Christmas Bird Count in Victorville, CA – Part 2

December 30, 2014 at 5:00 am (Bird photography, Birds - California, California, Nature, Nature photography, Photography, Wildlife)

Male Bushtit

Male Bushtit

One of my favorite birds from the CBC in Victorville this weekend was the bushtit.  I’d only seen this chubby little bird once, in Big Bend National Park, Texas, but it was cold and foggy and they didn’t stay long.


This time I got to spend a little time observing their antics.  At first I thought they were gnatcatchers, but there was still something that didn’t fit about their looks and behavior.  Steve said “bushtits.”  Ooooohhhhhh.


They were much more visible than gnatcatchers usually are.  Generally there are only one or two gnatcatchers in any one spot, and they like to stay somewhat hidden.  Here were about ten of these little acrobats, dangling on the tips of branches for tidbits.


As you can tell, they are rather drab, but it’s their little chattering calls and their fearlessness about calling attention to themselves that make them memorable.

Bushtit female

Bushtit female

The females have whitish eyes, while the males have dark eyes.  I wonder what the evolutionary purpose of that is?

Yellow-rumped Warbler, Audubon's variety

Yellow-rumped Warbler, Audubon’s variety

Yellow-rumped warblers, or “butterbutts” as they are affectionately known, seem to be common winter birds wherever I go.  However, I am used to the darker Myrtle variety of the South, and most of these Audubon’s subspecies out West are much lighter and have a different “chip” note.  However, there were a few that seemed to have some of their breeding colors to show off – including the bright yellow side patches and throat, in addition to the bright yellow “butt” patch.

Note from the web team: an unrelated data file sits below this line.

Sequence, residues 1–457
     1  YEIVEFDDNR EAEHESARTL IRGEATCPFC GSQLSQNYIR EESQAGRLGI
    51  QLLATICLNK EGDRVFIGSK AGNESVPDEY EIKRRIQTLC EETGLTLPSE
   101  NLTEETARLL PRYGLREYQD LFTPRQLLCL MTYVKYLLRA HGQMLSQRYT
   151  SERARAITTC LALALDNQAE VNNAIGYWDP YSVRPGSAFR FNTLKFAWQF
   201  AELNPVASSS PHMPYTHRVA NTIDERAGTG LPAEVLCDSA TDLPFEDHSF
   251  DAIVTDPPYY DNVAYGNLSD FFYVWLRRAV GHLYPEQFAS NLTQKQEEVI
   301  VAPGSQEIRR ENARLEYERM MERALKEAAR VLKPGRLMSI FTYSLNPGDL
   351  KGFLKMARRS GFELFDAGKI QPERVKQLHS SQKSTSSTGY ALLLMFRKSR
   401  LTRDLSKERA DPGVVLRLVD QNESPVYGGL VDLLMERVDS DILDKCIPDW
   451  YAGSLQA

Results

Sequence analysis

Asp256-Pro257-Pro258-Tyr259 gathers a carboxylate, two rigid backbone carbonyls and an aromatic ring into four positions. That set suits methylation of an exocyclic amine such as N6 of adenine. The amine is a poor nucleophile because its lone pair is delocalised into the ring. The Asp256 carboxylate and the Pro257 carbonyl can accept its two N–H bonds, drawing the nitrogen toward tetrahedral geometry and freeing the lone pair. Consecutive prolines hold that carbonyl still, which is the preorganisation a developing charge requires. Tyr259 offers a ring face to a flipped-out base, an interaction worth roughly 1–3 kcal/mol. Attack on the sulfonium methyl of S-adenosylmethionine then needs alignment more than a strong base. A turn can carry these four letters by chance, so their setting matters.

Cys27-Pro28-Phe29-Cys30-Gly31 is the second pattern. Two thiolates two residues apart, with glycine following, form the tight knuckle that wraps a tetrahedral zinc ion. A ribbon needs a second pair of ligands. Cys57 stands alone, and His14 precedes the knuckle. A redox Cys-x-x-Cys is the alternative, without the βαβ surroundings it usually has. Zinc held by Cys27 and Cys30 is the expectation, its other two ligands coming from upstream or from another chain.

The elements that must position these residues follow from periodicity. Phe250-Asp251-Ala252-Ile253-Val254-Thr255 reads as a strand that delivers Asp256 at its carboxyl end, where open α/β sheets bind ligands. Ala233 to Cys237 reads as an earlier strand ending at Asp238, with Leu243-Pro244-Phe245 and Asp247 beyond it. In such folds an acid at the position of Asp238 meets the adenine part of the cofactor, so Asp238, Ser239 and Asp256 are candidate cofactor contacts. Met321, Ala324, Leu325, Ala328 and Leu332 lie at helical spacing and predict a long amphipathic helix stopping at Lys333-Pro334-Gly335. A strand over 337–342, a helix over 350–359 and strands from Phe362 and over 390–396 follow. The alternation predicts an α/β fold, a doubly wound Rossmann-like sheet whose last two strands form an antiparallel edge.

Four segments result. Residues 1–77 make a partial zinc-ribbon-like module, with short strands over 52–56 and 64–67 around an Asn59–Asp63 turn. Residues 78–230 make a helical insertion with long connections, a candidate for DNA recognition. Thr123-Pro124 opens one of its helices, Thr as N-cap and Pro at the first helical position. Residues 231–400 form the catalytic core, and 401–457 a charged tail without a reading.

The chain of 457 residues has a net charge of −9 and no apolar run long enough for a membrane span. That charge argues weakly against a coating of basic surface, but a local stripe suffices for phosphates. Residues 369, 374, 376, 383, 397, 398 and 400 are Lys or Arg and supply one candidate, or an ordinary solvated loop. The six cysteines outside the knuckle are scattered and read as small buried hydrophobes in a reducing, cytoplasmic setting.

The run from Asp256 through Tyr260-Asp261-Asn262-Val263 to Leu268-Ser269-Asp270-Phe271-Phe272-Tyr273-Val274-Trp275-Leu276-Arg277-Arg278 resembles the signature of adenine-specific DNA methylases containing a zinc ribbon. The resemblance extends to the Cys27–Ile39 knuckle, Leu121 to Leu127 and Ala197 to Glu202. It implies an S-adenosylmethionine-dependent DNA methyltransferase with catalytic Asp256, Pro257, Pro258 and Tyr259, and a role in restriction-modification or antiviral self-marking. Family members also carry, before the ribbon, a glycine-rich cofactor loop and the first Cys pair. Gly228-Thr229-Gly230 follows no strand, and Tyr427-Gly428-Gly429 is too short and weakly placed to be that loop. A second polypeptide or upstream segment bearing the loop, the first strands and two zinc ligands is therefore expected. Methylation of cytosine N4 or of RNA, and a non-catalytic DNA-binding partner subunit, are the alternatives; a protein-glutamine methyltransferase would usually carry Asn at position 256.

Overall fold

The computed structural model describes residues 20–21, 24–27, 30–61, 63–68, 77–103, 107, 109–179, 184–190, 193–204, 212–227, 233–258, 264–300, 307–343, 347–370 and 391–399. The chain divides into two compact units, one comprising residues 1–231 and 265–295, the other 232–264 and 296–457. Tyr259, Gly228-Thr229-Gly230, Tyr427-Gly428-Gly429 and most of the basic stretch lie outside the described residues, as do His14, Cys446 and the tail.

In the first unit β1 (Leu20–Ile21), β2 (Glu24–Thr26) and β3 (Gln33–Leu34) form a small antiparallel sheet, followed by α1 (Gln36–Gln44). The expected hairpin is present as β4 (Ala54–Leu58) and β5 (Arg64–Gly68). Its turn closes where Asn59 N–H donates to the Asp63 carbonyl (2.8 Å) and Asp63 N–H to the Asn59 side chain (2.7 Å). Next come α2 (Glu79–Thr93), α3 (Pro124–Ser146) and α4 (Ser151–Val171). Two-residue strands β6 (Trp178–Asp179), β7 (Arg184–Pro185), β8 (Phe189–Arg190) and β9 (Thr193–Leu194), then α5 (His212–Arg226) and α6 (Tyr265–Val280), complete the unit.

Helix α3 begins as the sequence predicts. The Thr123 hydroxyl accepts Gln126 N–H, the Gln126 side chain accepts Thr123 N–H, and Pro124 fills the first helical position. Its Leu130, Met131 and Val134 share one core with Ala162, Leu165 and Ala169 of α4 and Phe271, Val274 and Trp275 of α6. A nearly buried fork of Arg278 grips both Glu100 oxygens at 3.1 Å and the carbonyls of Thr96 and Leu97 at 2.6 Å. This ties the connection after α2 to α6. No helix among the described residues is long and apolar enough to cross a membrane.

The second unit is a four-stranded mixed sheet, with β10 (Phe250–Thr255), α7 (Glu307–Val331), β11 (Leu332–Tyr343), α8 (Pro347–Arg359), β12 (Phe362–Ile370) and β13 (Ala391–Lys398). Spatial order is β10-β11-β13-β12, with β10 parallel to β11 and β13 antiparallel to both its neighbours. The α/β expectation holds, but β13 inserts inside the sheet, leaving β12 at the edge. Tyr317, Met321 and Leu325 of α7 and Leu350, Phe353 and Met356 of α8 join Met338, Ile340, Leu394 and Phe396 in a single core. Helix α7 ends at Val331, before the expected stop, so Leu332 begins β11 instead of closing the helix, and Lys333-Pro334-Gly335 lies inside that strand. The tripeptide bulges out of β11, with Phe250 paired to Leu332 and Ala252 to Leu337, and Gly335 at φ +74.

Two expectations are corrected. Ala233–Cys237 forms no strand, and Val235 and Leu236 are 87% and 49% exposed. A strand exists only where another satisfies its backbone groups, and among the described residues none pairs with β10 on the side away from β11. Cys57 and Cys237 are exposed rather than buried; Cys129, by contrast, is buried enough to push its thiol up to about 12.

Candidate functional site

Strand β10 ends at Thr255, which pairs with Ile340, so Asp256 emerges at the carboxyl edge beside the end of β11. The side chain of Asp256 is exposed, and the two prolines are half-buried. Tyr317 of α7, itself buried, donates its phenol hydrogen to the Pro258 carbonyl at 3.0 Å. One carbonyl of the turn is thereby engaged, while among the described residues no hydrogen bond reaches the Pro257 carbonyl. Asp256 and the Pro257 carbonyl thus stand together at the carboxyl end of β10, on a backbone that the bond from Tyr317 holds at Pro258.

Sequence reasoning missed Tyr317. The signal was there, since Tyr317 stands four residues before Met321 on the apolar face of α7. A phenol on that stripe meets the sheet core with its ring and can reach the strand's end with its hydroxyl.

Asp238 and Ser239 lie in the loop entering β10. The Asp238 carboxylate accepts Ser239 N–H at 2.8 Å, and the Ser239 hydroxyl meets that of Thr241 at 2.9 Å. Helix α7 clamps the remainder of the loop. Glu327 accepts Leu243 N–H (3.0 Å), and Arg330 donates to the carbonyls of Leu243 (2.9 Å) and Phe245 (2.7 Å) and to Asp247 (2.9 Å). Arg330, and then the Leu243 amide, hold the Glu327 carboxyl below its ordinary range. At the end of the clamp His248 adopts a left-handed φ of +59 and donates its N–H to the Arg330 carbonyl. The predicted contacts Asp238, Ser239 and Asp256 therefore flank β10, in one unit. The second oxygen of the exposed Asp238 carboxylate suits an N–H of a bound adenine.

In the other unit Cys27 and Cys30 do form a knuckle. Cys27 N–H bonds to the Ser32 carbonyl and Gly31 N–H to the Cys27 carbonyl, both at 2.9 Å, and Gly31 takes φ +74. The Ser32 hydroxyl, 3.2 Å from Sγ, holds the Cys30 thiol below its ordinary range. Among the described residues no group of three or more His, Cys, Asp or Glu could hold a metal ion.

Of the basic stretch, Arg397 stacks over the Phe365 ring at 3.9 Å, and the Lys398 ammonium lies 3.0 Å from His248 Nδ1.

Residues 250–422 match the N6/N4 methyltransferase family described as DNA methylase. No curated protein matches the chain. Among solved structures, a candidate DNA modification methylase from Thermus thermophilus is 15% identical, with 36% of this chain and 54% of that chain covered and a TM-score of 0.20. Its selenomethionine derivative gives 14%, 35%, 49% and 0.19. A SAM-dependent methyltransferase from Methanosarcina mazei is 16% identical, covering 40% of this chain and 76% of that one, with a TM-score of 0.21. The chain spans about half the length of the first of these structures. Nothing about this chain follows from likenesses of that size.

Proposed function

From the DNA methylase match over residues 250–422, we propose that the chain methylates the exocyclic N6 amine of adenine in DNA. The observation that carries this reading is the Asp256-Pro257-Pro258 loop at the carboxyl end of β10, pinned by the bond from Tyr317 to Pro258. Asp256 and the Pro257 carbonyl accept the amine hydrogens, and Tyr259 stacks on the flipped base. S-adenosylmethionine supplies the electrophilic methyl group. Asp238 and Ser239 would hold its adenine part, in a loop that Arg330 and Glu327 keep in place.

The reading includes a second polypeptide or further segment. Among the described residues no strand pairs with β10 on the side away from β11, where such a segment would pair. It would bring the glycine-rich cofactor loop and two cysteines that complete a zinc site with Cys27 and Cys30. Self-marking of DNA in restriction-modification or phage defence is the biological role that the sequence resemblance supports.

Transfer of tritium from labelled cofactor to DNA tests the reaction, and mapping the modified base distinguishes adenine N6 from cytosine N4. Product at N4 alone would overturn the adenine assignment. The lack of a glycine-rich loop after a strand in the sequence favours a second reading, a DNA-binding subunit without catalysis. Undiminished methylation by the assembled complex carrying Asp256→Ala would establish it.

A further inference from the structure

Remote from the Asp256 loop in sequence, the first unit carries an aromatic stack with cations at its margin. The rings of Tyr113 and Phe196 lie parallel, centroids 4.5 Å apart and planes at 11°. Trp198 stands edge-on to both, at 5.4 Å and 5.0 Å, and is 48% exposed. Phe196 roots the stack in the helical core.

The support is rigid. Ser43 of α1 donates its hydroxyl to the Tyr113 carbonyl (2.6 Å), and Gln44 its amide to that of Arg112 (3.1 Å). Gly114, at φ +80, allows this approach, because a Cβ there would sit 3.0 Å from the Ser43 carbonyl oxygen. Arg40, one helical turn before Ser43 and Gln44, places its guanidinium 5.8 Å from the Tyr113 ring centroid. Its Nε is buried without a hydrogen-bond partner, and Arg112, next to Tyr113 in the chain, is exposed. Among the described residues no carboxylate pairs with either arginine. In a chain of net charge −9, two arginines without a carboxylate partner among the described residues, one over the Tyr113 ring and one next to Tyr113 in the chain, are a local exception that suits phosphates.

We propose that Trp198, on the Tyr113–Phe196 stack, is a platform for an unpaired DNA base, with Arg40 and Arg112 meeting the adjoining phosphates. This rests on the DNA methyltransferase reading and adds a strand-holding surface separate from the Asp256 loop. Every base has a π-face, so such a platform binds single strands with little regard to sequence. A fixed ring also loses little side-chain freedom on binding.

Lark Sparrow

Lark Sparrow

We found six handsome lark sparrows…

Brewer's Blackbird, male

Brewer’s Blackbird, male

…and a flock of Brewer’s blackbirds.  Steve knew just there they’d be.

Nashville Warbler

Nashville Warbler

Steve was excited to find a Nashville warbler, which is usually wintering in southern Mexico by now.  They resemble the orange-crowned warblers, which oddly enough rarely show orange crowns, and which were plentiful.  However, notice the Nashville is more yellow than olive, and has a distinct eye-ring, unlike the orange-crowned which has a broken eye-ring and a faint dark stripe through the eye.

Orange-crowned Warbler

Orange-crowned Warbler

Orange-crowned warbler exiting the scene

Orange-crowned warbler exiting the scene

In all it was a highly productive day for this annual census of the birds.  Next:  The CBC in Joshua Tree National Park and Twentynine Palms, CA.

Text and photographs copyrighted by Cindy McIntyre

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  1. Alli Farkas said,

    The bushtit photos are outstanding. Here’s my (facetious) take on why the female has a whitish eye: so the male can find her in the dark!

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